Rahal's Admiration for Newman Makes SeriousFun A Must To Support

Rahal's Admiration for Newman Makes SeriousFun A Must To Support

In the introduction to the 1992 book, "I Will Sing Life: Voices from the Hole in the Wall Gang Camp," Paul Newman explained why he started the famous camp for children battling serious illnesses:

"I wanted, I think, to acknowledge Luck: the chance of it, the benevolence of it in my life, and the brutality of it in the lives of others; made especially savage for children because they may not be allowed the good fortune of a lifetime to correct it."

With the help of racers, Newman's legacy of benevolence continues.

INDYCAR and SeriousFun Children's Network, which operates the original Ashford, Connecticut, camp and 29 others around the world, have partnered to carry on the charitable cause of the late actor, racer and team owner. The partnership will help raise money and awareness for the network, including public-service announcements, fundraisers and track visits.

Graham Rahal, who drove for Newman/Haas/Lanigan Racing from 2007-2010, has taken the lead in helping the partnership. (Rahal is shown with Newman in the photo at right in 2008).

"There's no man who ever had a larger effect on me as a person than Paul," Rahal said. "Everything that we do relates to him. There's no doubt about that."

Named for the gang in the hit 1969 feature film "Butch Cassidy and the Sundance Kid" starring Newman and Robert Redford, the camp launched in 1988 to give children with serious illnesses a place to have fun and, as Newman once said, "raise a little hell." It eventually grew into SeriousFun's network, which includes nine camps in the United States.

When he first heard about the partnership between SeriousFun and INDYCAR, 2017 Verizon IndyCar Series champion Josef Newgarden knew he had to be involved.

"It was an easy sell to get involved and be a part of it," said Newgarden, who's serving as a SeriousFun driver ambassador. "I grew up as a big fan of Paul Newman but unfortunately never got to spend much time with him. He was a true racer and a great guy. … He had a big passion for everything he did."

SeriousFun recently delivered its one-millionth life-changing camp experience, all free of charge, for children and their families. It emerged from Newman's goal to provide ill children with a fun experience. More camps emerged, funded by Newman's Own, the food company that has raised $500 million for charitable causes since 1982.

While famous as a movie star, Newman found his passion in motorsports. After filming "Winning" in 1969, he became deeply involved in racing. Partnering motorsports with his charitable causes is a natural fit.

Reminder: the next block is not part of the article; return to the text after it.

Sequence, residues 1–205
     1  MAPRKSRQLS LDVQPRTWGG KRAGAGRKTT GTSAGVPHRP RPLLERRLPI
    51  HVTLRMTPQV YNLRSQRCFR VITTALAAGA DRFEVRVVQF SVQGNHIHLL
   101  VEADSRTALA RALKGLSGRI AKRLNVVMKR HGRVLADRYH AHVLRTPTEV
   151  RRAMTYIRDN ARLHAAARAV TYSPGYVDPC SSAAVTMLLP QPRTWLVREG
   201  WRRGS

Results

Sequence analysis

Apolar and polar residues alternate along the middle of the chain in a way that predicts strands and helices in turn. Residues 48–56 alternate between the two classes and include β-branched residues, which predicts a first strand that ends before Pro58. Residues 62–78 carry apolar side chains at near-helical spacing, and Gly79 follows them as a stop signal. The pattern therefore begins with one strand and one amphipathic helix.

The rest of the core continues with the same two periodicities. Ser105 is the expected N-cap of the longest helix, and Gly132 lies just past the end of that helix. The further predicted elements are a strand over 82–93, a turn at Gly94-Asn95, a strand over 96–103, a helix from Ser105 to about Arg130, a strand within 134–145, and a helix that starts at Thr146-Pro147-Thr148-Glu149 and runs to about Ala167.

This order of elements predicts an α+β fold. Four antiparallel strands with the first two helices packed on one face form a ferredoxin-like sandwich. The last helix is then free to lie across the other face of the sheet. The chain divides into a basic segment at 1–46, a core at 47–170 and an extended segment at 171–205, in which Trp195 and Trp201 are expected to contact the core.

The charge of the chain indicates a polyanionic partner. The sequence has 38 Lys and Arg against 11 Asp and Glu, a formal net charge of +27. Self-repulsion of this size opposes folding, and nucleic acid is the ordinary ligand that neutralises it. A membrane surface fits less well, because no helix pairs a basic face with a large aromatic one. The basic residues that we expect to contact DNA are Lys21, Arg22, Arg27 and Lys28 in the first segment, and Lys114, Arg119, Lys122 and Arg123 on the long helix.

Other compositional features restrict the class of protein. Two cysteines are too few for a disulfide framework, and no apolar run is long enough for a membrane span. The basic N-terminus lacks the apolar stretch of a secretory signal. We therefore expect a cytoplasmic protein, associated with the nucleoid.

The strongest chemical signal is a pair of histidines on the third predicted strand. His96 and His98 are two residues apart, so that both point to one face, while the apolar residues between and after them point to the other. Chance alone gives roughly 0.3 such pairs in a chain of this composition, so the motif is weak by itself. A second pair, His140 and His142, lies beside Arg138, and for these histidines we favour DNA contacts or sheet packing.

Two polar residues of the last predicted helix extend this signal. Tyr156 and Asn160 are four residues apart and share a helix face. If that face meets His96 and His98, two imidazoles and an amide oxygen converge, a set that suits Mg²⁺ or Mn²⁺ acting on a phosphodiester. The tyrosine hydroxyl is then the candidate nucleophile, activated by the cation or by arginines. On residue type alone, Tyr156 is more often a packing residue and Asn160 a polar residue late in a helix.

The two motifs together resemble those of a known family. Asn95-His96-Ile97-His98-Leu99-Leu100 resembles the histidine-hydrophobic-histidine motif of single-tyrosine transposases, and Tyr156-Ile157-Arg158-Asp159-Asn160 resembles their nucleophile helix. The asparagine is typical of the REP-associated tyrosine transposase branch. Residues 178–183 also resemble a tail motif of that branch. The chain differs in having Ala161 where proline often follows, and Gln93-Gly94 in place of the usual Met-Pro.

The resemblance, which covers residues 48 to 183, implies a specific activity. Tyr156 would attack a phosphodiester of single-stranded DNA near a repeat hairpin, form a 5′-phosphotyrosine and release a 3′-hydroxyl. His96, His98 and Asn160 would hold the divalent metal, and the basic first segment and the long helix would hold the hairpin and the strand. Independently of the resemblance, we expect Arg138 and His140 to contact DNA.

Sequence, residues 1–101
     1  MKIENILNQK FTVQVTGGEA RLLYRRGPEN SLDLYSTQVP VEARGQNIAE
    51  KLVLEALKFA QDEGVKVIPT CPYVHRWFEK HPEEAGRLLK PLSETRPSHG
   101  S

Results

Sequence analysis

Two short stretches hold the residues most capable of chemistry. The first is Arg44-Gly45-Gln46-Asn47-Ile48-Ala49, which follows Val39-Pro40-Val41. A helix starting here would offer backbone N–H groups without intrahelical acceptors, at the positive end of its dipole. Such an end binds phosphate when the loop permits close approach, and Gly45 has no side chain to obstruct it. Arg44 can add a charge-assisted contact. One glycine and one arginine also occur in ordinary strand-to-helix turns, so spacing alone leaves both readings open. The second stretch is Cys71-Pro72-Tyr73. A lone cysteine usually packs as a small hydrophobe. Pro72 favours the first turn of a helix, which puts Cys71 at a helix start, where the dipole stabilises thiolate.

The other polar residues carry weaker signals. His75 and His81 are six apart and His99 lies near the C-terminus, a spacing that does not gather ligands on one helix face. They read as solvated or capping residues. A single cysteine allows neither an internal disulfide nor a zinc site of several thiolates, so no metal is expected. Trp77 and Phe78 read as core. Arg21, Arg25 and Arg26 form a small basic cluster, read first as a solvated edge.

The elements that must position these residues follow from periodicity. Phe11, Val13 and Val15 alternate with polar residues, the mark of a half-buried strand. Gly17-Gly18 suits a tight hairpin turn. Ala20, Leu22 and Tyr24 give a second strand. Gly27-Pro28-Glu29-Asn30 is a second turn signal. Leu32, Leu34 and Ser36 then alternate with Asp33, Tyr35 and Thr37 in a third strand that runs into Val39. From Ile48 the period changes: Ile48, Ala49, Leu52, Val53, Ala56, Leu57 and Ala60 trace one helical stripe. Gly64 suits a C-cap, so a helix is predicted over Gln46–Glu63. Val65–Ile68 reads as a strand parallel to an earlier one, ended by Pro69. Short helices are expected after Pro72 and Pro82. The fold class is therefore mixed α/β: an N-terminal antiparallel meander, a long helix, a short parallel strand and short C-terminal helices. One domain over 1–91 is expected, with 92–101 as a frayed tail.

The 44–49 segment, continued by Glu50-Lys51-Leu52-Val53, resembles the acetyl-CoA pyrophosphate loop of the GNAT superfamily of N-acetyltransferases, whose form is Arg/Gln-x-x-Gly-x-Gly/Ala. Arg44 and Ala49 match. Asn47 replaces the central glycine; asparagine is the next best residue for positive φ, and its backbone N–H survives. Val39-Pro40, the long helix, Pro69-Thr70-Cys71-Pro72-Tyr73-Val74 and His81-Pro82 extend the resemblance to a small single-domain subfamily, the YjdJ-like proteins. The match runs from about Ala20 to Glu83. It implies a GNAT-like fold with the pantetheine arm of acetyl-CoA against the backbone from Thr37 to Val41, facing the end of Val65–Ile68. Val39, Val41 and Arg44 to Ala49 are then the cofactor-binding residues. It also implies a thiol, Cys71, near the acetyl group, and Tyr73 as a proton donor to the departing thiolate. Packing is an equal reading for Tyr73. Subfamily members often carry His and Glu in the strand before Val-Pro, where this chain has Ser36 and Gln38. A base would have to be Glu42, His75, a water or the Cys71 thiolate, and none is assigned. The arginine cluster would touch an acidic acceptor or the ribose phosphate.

"He was never all that comfortable in Hollywood and all of that," said daughter Clea Newman, an ambassador for SeriousFun. "(Racing) was an extraordinary community that he was so comfortable in. It was like his other family. He was also known very much for giving back, and certainly giving back to people that were less fortunate than him. He also felt so lucky in his life."

The official partnership will include a text-to-give program that urges fans to donate by texting "KIDS" to 900900. A public-service announcement will run throughout the month of May at Indianapolis Motor Speedway, where the 102nd Indianapolis 500 presented by PennGrade Motor Oil runs on Sunday, May 27.

"This will be the very first time in INDYCAR's history that we've had an official charity as part of our organization," said C.J. O'Donnell, chief marketing officer for INDYCAR and Indianapolis Motor Speedway. "While we've been committed to charities and continue to be across the paddock and throughout the series, this is a strong first step for us in establishing a tie with a charity that we feel is very much a part of us and has been a part of us for a long time."

Newman died in 2008, but his philanthropic gifts continue. Rahal, whose dad Bobby first drove for Newman in Can-Am in 1982, started a foundation of his own in 2009.

"Instantly there was a huge void left for everyone in this sport," Graham Rahal said of Newman's death. "I felt I wanted to get more involved because of the spirit Paul had given me. My foundation was born from Paul and the inspiration he gave me. No person has had an influence on my life like Paul Newman in the time I had with him. … Trust me, Paul Newman - the name, the influence and all the thoughts and the time I got with him over those couple of years - it runs through me every single day."